African wild dogs, also called painted wolves or painted dogs, are the second most endangered carnivore in all of Africa (behind the Ethiopian wolf). Today, there are somewhere around 6,000 wild dogs left in fewer than 25 countries. One of the causes of the rapid decline in population numbers is disease, but another reason is the increasing number of conflicts between humans and wild dogs.
Wild dogs live in packs that range across huge territories, traversing up to 50km in a single day. As subadults mature and leave the pack to find mates, they disperse across even greater distances. With less and less wild spaces available for them to go, wild dogs are increasingly coming into conflict with humans. Wild dogs are very efficient hunters and have one of the highest hunt success rates, around 80% of all wild dog hunts are successful. Because packs share meals with each other, they must hunt often. When they move into areas shared with humans, natural prey sources are less abundant, and livestock may turn up on the wild dogs’ menu if they are desperate. Farmers often will shoot any dogs they see, sometimes even tracking down dens and leave poison out for the pack. As wild dogs travel great distances, they run into poachers’ snares that were set for other game.
With so many odds against them, it is now up to us to help ensure there are wild dogs in the future.
An international meeting was held in Pretoria in 1997 where the decision to adopt the a metapopulation strategy for wild dogs in South Africa. A metapopulation is a group of geographically isolated populations of the same species, in which an exchange of individuals occurs via dispersal, migration or human controlled management. In South Africa, there are only pockets of safe wild zones left that can support wild dogs. There are a few free roaming packs in the country, but the majority of the wild dog population reside in fenced reserves. While this is imperative for the safety of the wild dogs, it does impede on the ability for dogs to naturally disperse and migrate between packs. So, humans have to get involved artificially create the migration process to ensure new genetics are mixed throughout the country.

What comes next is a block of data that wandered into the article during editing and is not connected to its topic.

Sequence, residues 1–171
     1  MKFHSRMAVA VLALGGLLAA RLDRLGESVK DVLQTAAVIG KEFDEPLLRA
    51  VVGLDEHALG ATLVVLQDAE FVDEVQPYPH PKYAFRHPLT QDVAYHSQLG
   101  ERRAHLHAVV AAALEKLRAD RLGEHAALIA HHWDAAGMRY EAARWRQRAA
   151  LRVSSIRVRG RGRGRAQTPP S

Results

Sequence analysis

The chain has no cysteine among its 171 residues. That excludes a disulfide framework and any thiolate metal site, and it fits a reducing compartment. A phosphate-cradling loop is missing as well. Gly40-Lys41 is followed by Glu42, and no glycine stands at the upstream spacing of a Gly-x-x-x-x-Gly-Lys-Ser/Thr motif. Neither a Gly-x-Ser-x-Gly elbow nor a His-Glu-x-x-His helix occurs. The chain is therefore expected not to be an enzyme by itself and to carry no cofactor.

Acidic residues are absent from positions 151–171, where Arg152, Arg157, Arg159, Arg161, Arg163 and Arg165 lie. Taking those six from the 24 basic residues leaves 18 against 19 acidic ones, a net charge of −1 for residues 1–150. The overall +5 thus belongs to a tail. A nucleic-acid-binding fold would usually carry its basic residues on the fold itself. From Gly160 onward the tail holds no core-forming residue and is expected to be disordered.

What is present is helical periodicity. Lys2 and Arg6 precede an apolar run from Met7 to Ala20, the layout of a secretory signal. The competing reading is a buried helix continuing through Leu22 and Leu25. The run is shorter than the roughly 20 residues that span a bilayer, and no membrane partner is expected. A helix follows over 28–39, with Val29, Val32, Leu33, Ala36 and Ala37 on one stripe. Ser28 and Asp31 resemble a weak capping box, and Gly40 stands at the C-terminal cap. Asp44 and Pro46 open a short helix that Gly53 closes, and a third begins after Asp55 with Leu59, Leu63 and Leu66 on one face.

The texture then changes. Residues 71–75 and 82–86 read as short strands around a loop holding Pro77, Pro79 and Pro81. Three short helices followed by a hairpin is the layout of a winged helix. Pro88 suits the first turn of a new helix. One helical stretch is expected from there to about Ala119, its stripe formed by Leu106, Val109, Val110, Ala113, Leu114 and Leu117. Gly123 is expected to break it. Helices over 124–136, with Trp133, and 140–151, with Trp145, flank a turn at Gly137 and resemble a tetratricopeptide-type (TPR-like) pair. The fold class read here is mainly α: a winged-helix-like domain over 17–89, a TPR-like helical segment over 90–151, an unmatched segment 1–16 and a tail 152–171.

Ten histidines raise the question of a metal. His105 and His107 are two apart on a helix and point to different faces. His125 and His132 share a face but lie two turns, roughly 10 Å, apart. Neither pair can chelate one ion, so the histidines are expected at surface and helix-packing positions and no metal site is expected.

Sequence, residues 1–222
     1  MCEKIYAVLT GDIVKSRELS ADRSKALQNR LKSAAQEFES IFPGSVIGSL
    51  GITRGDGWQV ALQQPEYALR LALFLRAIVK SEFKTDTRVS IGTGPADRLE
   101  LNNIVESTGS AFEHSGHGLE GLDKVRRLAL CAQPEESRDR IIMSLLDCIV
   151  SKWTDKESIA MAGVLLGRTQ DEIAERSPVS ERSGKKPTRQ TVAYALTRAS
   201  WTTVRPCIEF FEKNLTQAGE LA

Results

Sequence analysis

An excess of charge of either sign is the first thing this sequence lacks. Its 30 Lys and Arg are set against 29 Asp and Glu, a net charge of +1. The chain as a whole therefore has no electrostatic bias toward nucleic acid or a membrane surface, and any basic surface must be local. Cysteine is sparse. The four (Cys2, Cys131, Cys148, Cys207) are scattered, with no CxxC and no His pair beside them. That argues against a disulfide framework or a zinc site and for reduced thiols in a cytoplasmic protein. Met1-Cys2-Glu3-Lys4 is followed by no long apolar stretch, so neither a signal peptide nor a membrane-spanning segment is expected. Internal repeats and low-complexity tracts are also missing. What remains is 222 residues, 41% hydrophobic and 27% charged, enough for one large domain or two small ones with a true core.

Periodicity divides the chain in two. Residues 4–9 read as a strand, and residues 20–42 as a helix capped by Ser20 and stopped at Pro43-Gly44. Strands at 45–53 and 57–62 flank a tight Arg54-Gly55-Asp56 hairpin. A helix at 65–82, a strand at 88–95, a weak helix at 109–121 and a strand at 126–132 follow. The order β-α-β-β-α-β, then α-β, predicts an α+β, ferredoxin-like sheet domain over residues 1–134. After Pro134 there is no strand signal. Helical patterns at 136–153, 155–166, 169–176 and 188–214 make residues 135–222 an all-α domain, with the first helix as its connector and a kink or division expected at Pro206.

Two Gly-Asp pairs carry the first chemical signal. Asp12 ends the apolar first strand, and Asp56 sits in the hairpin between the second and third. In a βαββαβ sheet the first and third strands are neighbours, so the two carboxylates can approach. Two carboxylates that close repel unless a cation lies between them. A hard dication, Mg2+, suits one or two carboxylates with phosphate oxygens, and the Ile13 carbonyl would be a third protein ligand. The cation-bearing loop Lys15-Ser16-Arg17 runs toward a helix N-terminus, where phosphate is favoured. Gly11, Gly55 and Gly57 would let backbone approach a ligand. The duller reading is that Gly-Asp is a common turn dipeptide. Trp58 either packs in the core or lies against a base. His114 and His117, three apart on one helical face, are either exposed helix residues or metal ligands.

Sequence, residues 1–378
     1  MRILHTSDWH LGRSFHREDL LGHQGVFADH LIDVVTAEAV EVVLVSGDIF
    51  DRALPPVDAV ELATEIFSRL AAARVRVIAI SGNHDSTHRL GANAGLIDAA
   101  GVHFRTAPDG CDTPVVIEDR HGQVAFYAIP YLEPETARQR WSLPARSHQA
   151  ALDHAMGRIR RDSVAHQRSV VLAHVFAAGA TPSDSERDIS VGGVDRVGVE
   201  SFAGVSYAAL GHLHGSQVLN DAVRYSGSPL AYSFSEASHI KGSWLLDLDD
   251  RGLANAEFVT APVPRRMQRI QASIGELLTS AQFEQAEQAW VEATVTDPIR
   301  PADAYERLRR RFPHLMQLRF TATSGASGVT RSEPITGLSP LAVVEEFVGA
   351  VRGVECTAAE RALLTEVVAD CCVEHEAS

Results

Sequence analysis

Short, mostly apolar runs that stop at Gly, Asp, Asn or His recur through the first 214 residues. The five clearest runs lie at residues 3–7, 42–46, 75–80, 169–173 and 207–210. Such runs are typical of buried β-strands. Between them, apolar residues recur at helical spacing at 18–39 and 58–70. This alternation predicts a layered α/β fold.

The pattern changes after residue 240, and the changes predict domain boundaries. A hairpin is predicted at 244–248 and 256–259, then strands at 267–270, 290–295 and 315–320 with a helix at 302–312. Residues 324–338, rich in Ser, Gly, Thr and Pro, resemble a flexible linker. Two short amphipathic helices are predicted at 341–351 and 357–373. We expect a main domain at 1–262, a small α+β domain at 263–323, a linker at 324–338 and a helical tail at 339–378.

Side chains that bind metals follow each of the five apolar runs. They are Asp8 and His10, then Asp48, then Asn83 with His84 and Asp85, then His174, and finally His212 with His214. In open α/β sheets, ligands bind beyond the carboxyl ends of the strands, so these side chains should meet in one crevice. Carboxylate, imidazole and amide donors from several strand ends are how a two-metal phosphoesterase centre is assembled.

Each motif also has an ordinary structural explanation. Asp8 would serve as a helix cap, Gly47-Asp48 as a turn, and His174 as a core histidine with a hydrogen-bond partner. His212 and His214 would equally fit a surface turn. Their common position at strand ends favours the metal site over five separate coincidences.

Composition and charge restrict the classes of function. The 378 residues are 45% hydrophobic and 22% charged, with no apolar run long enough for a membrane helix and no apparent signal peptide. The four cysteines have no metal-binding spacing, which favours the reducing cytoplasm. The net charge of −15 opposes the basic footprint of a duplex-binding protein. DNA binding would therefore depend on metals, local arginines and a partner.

Madikwe’s resident wild dog population consisted of 14 of dogs. Late 2018, five young females started to venture away from the pack more and more – they were in full dispersal mode. Young wild dogs, usually of the same sex, will leave their natal pack in search of new mates to avoid inbreeding with related pack members. This behavior is called dispersal. Madikwe realised if they did not do something soon the girls were going to push their luck and attempt to break out of the reserve since there were no non-related male wild dogs with in the reserve. Out of the safety of the reserve boundaries, the dogs would face peril at every turn in the human adapted landscape outside of Madikwe.
What is the solution for stopping the girls from escaping and keeping them inside Madikwe?
Males. (Hey, it is Valentine’s Day after all, let’s think of this as a love story.)
A group of four males from KwaZulu-Natal were also searching for a new home. The Endangered Wildlife Trust coordinated the arrangements to bring the males to Madikwe. Unfortunately, you cannot just bring two wild dogs to the local wild dog park and have them play some fetch and become friends just like that. It is slightly more complicated. Ecologist have found that the best way to smoothly integrate new wild dogs together is to anesthetise all of the dogs and then to rub them together. Yes, that is correct. You literally pick up each dog and physically rub that dog over all of the other dogs. This transfers each of the dog’s individual scents on to the other dogs, making them all smell the same or as if they were in one pack rubbing against each other during meals and socialisation. Once all of the dogs have been properly rubbed up, you lay the dogs touching each other and wake everyone up at the same time. It is best to leave them a nice fresh meal to distract them from the new dogs. By the time everyone wakes up and has eaten, they have reinforced the scent rubbing and the hopes is that they will accept each other.